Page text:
Janna Marlies Maron: Surviving the Slush Pile, or, Two Ways to Look at Life: A HippoCamp 2021 Recap

by Aimee Christian

This post is part of a HippoCamp 2021 recap series, with guest blog posts written by HippoCamp attendees. Learn more about our conference for creative nonfiction writers.

janna marlies maron at HippoCamp

Janna Marlies Maron of Under the Gum Tree during HippoCamp 2021. (Photo by Lina Seijo for Hippocampus Magazine)

I can never go to enough talks and read enough essays about submission from the editors’ point of view so I wasn’t going to miss Janna’s session. It could be that I need cheerleading. It could be that I like the pep talks. Or, more likely, it could be masochism.

Janna Marlies Maron, editor and publisher of Under The Gum Tree, reminded us that she publishes only 5% of submissions. Which, put differently, means that she has to reject 95% of submissions.

She said that rejection is mostly a numbers game and that most of the time it has nothing to do with us or our writing, which is both the most relieving thing in the world to hear and the worst, most devastating thing in the world to hear. That reminded me of my favorite internet drawing:

cartoon of two figures, one sad, one happy. Both are saying the same thing: "nobody gives a shit" to indicate there are two ways of looking at life

Original source unknown. (image from https://knowyourmeme.com/photos/1960467-wholesome-memes)


She gave us great advice for getting focused about submitting: finding our why and finding our how, which I think about all the time.

1. Work your why. Why do I want to write? This one I knew. I write because I sometimes feel like I will throw up if I don’t. I feel like I can’t sleep, I can’t live my life, I can’t do anything unless I get this thought out onto paper. I am told this is the muse but to me it strikes in the most ungraceful of ways and it feels like a bout of diarrhea until I can shape it into something slightly less unlovely than that first very messy draft. And then, who am I as a writer? And why am I submitting to this particular publication? There’s something about its description of itself, its other publications, its authors, that speaks to me. It’s where I want to be, too.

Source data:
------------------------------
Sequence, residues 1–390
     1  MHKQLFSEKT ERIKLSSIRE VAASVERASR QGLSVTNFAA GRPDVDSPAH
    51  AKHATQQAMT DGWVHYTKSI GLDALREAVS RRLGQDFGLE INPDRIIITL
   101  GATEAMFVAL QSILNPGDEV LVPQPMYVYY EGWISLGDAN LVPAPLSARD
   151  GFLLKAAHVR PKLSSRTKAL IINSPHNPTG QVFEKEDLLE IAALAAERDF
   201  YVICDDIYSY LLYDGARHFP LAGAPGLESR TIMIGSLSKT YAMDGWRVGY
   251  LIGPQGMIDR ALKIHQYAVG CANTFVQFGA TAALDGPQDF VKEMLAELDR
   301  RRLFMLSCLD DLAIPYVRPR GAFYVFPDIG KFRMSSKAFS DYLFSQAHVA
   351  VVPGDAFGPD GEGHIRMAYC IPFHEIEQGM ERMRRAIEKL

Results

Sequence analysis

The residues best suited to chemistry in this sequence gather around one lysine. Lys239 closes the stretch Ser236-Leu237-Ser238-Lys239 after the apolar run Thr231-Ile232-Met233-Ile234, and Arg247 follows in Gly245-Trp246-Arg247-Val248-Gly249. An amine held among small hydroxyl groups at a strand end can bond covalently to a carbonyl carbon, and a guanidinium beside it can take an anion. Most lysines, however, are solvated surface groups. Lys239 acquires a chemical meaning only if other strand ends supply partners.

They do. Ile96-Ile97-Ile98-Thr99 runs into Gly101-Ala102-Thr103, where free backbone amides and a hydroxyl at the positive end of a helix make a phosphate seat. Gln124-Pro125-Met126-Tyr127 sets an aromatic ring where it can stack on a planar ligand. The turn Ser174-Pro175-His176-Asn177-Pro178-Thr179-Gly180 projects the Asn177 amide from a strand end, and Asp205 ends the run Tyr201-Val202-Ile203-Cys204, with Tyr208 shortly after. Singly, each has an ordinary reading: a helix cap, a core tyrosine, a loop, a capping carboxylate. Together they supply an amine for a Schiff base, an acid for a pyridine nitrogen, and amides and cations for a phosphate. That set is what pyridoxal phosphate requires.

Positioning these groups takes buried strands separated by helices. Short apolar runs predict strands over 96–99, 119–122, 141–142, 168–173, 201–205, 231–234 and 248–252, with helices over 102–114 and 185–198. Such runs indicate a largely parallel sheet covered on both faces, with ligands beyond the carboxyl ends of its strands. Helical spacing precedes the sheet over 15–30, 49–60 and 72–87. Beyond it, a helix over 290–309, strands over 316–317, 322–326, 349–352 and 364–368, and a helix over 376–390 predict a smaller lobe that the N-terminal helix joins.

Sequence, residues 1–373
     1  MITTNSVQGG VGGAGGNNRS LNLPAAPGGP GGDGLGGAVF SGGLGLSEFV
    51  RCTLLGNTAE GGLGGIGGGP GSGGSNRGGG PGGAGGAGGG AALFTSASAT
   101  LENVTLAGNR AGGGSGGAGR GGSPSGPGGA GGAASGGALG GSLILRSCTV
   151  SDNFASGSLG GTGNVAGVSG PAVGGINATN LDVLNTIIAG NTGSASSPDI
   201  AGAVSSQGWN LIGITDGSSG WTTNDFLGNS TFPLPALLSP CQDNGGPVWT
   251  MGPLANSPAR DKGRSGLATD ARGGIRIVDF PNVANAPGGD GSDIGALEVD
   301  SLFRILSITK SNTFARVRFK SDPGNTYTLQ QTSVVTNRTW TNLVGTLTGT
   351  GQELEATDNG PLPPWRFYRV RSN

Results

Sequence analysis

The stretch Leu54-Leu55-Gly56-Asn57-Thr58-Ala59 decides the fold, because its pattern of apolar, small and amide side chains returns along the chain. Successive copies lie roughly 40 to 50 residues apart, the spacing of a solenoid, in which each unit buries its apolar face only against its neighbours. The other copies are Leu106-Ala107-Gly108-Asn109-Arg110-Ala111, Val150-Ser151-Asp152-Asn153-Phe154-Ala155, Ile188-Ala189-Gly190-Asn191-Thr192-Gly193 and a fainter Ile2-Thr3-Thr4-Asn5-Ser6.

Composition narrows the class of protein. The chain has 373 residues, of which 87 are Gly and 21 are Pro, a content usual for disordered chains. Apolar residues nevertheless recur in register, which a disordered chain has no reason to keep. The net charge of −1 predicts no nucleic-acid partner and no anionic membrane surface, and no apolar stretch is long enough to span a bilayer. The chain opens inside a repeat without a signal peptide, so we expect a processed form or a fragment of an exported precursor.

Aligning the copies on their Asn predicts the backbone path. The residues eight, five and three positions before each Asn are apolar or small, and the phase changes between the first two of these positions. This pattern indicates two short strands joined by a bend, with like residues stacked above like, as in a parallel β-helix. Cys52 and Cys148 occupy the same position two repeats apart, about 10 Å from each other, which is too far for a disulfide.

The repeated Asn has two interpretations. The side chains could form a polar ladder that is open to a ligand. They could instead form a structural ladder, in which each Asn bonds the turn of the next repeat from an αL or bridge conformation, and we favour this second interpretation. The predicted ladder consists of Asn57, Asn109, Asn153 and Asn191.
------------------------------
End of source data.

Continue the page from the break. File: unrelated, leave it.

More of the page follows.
2. Gather your goals. For me, that’s scheduling. Janna’s next tip is about scheduling, so I might sound like I’m getting ahead of myself, but no kidding that’s what I wrote down and I won’t take it back here because when you have two kids, one of whom is disabled, and a full-time job, and you want to write essays and books, you better make scheduling your number one priority or you won’t get anything done. My handwritten daily goals look like this:

  • Edit X, pages 10-30
  • Write 1500 words of Y.
  • Read Z.
  • Email A.
  • No Netflix!

3. Then, safeguard your schedule. Check. That part I have.


She talked about her particular framework for the writers she works with and then moved on to her list of dos and don’ts for working with editors once your piece is accepted, and if your piece is rejected.

Janna’s lists of dos and don’ts were not new to me, but I loved her hilarious anecdotes of writers who did not adhere to them were. They eased the tension that comes with the undercurrent I kept hearing like a sad mantra: 95% of all submissions are rejected 95% of all submissions are rejected and I wanted to raise my hand and say “if I promise I would never on any planet in any universe behave this way to anyone’s mother-in-law no matter who they voted for would it increase my chances and by the way why did you take this asshole’s stuff anyway?” but when she showed us one particularly unforgivable email from what had to be a cis straight white dude said “oh don’t worry, editors talk” with a knowing smile, that made me feel much, much better.

At least enough to keep going for another round of submissions, since most likely, nobody gives a sh*t anyway. Which I’m choosing to see as a gift from Janna.


aimee christianAimee Christian writes creative nonfiction, essays, and memoir about identity, adoption, parenting, and disability. Her writing has appeared in The New York Times, The Washington Post, Cognoscenti, Entropy, Pidgeonholes, Hippocampus, the Brevity Blog, and more. She reads creative nonfiction for Hippocampus and is a new instructor at GrubStreet. Find out more about Aimee and her writing at aimeechristian.net.

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